The reference to a "government-sponsored program" for legal residency wasn't exactly a green card giveaway. The people who applied through its provisions had to be otherwise eligible for immigrant status, and since there are numerical limits on the number of some types of visas (like those offered for unskilled workers, which I would guess is the type Aniba was going for), there are multi-year waits before the numbers of new applicants come due.
Saturday, July 26, 2003
It appears that my fair city is being plagued by rats. Obviously something needs to be done, but we need to bear in mind the lessons foreign policy so whatever action is taken is right and proper.

First, is the intelligence absolutely reliable? Sure, there have been a lot more sightings of the creatures this year, but what does that REALLY mean? Maybe it's just because we're moving our suburbs into the rats' natural environment. And what does it mean when a rat barks at a child? Maybe that's just how they say "hello".

Second, is there really an imminent threat? Everyone brings up that old canard about rats spreading bubonic plague and other diseases, but that's so 13th century. When's the last time there was a proven case of rat-borne disease in modern America? West Nile virus is the real threat, and we don't get that from rodents.

Third, are the actions proposed commensurate with the real problem? There's talk about "exterminating" the creatures, but this seems almost barbaric. The problem isn't so much the rodent's existence, it's just that they are too close to people. Can't we all just learn to live together peacefully, with people minding their own business and rats minding theirs? And if that's too much to ask for, perhap a more targeted solution would be in order instead of wholesale slaughter, which would include many baby rats who have never done anything to anybody. Perhaps a catch-and-relocate policy would be better - we could send the creatures to their homeland where they could be free. I'm sure that Brigitte Bardot and PETA would approve of this option.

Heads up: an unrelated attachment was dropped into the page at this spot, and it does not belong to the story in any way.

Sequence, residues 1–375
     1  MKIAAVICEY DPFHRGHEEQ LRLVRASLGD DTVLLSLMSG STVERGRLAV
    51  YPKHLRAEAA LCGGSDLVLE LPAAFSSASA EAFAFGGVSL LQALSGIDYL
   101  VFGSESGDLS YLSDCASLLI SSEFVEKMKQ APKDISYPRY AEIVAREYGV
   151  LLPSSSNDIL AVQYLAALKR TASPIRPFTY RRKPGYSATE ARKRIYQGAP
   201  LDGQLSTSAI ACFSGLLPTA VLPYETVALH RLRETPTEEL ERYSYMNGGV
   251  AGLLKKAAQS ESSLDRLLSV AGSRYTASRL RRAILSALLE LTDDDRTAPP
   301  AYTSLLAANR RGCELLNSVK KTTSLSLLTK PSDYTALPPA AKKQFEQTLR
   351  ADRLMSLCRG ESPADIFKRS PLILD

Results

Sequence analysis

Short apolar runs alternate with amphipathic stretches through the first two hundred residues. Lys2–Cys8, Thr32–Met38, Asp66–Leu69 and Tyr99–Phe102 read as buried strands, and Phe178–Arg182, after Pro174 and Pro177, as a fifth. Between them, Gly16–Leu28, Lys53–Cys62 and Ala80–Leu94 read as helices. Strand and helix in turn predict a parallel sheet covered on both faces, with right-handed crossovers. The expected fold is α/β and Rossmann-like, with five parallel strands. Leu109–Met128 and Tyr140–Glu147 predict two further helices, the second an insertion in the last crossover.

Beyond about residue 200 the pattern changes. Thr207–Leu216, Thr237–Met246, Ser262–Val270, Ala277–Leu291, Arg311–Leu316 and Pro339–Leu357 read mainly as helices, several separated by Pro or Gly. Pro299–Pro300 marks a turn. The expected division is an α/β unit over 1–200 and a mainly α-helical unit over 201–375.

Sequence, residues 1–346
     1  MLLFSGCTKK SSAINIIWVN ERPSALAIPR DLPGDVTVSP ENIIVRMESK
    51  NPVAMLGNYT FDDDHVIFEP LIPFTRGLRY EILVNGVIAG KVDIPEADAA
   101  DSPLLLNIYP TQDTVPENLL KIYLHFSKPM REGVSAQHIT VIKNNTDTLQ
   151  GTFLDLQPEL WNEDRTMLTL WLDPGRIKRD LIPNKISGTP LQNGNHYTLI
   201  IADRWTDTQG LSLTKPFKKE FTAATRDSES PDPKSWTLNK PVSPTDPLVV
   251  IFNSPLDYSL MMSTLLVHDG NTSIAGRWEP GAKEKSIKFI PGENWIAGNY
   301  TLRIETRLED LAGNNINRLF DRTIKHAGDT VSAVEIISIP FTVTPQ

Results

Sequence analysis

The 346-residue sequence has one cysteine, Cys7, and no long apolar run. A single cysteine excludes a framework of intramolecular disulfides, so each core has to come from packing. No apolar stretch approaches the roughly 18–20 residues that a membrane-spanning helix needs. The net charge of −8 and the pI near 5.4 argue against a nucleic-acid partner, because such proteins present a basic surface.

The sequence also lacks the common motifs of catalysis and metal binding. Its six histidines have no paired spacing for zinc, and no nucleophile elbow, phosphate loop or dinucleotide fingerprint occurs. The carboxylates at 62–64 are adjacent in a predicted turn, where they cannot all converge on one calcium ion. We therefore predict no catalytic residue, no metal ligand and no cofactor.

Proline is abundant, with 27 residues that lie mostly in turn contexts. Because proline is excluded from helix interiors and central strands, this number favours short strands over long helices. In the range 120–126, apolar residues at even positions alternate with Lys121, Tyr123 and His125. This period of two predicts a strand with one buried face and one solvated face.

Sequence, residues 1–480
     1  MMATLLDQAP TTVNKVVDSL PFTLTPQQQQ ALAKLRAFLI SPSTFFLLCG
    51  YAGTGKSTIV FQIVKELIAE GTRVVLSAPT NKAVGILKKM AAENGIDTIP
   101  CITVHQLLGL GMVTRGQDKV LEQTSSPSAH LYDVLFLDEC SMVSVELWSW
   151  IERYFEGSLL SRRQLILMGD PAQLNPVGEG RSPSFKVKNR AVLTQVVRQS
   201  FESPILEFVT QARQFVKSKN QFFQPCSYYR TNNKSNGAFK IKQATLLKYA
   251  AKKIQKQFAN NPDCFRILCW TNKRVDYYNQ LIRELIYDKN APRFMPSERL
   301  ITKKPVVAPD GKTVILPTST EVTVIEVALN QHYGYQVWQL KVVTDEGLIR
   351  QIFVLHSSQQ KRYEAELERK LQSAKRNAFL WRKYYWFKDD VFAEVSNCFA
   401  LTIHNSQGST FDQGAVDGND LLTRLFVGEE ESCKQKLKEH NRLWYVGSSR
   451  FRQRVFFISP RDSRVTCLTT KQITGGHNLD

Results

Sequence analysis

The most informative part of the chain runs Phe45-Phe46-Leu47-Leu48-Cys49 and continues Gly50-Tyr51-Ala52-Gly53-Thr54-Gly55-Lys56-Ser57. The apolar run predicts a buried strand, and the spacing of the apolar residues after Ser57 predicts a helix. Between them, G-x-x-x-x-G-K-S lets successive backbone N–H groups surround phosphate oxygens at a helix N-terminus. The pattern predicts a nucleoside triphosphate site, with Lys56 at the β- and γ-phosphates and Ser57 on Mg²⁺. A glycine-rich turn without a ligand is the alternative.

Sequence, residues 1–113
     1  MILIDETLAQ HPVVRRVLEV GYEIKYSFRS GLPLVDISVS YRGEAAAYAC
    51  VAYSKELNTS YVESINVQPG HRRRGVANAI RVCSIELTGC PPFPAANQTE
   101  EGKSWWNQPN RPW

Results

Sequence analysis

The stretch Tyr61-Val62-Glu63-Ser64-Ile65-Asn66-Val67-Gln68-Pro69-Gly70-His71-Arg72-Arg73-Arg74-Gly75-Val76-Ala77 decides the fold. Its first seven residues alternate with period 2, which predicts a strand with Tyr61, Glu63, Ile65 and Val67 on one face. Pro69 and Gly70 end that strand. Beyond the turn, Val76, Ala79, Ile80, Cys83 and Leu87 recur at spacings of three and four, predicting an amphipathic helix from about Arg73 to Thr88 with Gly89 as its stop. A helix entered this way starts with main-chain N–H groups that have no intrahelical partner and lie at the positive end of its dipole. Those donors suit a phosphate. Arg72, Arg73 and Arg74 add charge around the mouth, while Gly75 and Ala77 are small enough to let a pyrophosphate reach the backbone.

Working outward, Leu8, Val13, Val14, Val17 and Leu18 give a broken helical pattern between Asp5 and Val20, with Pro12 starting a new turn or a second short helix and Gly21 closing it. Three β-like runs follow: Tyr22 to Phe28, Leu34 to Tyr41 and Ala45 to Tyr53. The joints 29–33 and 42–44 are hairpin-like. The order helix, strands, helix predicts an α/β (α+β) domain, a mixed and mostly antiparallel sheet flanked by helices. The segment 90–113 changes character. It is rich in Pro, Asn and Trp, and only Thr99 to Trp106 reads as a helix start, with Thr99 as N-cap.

We need to ask: what are the root causes for rat infestation? What makes the rats come out? It's obviously because they're hungry and can't produce their own food. So if we just installed feeding stations for the little critters, they'd go away and wouldn't bother us any more.
Monday, July 21, 2003
Speak of the devil... a news story about U.S.-Iceland relations in today's Post.
Sunday, July 20, 2003
The Swedes make fun of the Norwegians, the Norwegians make fun of the Swedes, and the Danes laugh at them both, but what about the other Nordic countries? I wouldn't want anyone from Finland or Iceland to feel slighted. Finnish stereotypes are easy enough to find, but it seems that nobody gives Iceland a second thought. But then, they've got Bjork.

And here's a page of gratuitous jokes.
And after a little research, I think I know why the Danes need Scania back: to reinvigorate the Danish music scene. The most notable Danish entry into the world music market was Aqua, and "regrettable" seems like a charitable description to say the least.

Then look at the Swedes. Bad enough for the Danes that the Swedes have they won the Eurovision contest twice as often, but now the upstart Balts are horning in on the act! Whatever else you might say about the Swedes, their high taxes and boxy cars, they can really crank out the pop. ABBA, Roxette, Ace of Base, the Cardigans... Amazon even has Swedish pop as its own category of music.

They Danes had better cross the bridge soon. Eurovision 2004 isn't all that far off.